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Palaces and Courts of the Exposition eBook

This eBook from the Gutenberg Project consists of approximately 65 pages of information about Palaces and Courts of the Exposition.

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Architect — Henry Bacon of New York.

Architecture — Italian Renaissance.

There is a strong feeling of the architectural influence of Hadrian’s Villa, near Rome, when the eye rests on the half dome and also on the treatment of the columns in front of the fountains of the seasons.

This is one of the chief beauty spots of the Exposition.  A quiet, reposeful, happy place where birds have built their nests and where they sing their carols of spring.

As you pass into this court from the bay, or north side, your attention is drawn almost immediately to the bucrania, or bulls’ heads, between festoons of flowers.

This is only a Renaissance motive, but the mind wanders back to the harvest festivals of olden days, when, after the great harvest procession was over, the bulls were sacrificed to the gods as a reward for the abundant harvest.  The same idea is worked out in “The Feast of the Sacrifice,” the magnificent bull groups atop the pylons (by Albert Jaegers), where youths and maidens lead the bulls in the harvest procession.  Great garlands suggest the festivity.

The whole court is an expression of the abundance of the harvests — especially those of California.

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Ceres, the goddess of agriculture, with her wreath of cereals and her corn sceptre, has just poised on the top of the lovely fountain (by Mrs. Evelyn Longman), the die of which tells you by its cameo figures that this is the fountain of young, fresh, joyous nature.  The graceful, happy creatures with garlands and fruits glide past you in song, shaking the tambourine or softly piping their roundelays.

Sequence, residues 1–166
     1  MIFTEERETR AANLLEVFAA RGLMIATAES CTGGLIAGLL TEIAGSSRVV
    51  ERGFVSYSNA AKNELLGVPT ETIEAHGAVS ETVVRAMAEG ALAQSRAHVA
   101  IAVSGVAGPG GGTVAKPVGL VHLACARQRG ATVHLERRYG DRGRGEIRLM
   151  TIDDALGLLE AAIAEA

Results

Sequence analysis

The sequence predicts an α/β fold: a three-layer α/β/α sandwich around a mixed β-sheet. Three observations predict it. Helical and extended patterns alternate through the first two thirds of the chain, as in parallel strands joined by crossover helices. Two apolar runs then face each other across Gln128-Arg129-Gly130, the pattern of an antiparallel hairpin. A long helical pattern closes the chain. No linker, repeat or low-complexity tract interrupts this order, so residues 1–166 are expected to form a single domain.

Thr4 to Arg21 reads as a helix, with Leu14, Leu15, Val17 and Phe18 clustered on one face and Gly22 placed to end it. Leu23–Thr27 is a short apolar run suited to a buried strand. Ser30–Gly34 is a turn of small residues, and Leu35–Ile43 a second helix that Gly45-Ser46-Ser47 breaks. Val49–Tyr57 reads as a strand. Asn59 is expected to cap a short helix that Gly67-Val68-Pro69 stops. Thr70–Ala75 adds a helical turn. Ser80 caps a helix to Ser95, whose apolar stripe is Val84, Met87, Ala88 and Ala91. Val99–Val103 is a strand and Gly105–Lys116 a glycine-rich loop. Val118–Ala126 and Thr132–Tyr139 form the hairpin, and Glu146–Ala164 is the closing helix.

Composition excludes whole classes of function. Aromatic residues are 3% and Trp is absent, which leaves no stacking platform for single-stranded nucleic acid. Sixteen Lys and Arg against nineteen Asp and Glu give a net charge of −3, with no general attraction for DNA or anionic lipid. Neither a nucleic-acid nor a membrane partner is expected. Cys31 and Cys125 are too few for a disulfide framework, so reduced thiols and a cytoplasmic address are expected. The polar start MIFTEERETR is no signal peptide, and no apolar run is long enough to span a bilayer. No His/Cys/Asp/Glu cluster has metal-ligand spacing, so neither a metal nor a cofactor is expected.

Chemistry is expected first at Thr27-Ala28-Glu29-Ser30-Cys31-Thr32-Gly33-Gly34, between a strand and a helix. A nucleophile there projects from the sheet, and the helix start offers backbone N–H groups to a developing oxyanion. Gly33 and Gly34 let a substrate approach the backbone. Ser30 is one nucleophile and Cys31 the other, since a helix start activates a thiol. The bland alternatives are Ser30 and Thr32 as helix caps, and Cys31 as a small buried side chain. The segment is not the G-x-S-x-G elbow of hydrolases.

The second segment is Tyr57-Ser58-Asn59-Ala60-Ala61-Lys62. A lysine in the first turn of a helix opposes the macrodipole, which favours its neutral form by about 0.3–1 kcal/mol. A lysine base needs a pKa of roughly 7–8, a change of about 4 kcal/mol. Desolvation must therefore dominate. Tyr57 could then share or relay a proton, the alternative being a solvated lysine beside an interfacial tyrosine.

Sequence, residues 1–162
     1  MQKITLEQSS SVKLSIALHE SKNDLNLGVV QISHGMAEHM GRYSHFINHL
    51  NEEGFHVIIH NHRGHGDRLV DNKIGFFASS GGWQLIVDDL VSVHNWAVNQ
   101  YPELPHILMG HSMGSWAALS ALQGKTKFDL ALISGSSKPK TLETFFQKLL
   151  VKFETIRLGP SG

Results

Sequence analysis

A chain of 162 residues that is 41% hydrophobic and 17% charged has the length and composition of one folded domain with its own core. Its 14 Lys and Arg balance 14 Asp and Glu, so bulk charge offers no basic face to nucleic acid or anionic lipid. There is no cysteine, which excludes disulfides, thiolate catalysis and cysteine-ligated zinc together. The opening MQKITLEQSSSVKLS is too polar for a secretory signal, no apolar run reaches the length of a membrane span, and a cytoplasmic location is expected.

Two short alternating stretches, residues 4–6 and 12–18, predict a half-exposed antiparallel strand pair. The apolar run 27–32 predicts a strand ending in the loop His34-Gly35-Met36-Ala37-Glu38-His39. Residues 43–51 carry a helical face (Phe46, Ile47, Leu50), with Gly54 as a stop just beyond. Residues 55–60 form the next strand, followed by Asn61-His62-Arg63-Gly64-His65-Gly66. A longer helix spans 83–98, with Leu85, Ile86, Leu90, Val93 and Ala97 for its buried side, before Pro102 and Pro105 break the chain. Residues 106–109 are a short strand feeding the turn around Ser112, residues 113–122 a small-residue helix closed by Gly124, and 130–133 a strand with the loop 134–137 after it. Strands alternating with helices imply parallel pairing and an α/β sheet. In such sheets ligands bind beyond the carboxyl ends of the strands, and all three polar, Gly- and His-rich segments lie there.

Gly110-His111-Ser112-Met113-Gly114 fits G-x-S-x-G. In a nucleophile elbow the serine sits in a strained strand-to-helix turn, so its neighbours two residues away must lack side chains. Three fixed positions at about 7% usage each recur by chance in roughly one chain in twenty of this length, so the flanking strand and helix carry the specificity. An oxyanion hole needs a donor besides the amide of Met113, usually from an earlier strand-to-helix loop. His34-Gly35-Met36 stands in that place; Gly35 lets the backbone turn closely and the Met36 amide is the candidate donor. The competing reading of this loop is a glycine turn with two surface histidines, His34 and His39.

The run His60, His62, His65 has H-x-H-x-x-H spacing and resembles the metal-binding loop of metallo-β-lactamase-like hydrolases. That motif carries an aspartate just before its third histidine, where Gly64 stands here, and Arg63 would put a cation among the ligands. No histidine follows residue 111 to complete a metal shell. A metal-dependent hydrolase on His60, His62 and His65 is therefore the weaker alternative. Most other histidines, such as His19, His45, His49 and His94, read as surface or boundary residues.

Jolly satyrs, the happy creatures of the woodland, spout water into the basin below.

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The Food Products Palace is on one side, the Agricultural Palace on the other, and the suggestions worked out in the corn of the Ionic capital, the cereal wreaths on the frieze, the sheaves of wheat, are most happy decorations for just this court.

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Pass to the Pool beyond and stop to read the quotation. (from Spenser’s “Faerie Queene”) on the western gateway.

“So forth issew’d the seasons of the yeare
First lusty spring all dight in leaves and flowres
Then came the jolly sommer being dight in a thin silken cassock coloured
      greene
Then came the autumne all in yellow clad
Lastly came winter, clothed all in frize
Chattering his teeth, for cold that did him chill.”

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Facing the half dome, walk first to the second niche to the right of the colonnade to examine Furio Piccirilli’s Seasons.

Spring — A pyramidal group with Spring with her flowers in the center of the group.  To the right is modest, timid, fresh young Flora, bringing her wealth of flowers.

To the left, one sees man adoring, bringing to mind Tennyson’s lines from Locksley Hall.

“In the spring a young man’s fancies
Lightly turn to thoughts of love.”

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